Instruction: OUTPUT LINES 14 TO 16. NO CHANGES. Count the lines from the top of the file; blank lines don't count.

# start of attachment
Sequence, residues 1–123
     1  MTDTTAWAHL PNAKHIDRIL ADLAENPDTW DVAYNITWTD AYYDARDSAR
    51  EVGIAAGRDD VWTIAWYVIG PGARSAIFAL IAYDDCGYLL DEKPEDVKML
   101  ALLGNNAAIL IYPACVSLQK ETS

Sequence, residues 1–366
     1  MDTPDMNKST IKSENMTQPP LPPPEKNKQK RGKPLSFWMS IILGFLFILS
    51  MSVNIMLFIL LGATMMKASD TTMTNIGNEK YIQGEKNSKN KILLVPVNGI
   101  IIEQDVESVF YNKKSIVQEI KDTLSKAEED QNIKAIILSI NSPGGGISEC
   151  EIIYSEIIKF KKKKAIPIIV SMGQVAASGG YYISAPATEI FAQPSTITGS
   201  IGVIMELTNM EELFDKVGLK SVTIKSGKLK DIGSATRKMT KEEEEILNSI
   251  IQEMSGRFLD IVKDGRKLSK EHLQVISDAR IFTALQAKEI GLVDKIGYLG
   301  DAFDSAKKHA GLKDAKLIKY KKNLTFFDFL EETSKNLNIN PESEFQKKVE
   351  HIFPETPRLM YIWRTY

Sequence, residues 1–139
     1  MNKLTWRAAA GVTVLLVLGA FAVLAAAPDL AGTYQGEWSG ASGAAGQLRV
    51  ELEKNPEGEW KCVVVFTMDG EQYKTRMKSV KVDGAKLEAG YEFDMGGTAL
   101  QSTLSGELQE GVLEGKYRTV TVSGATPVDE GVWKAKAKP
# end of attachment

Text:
Sequence, residues 1–139
     1  MNKLTWRAAA GVTVLLVLGA FAVLAAAPDL AGTYQGEWSG ASGAAGQLRV
    51  ELEKNPEGEW KCVVVFTMDG EQYKTRMKSV KVDGAKLEAG YEFDMGGTAL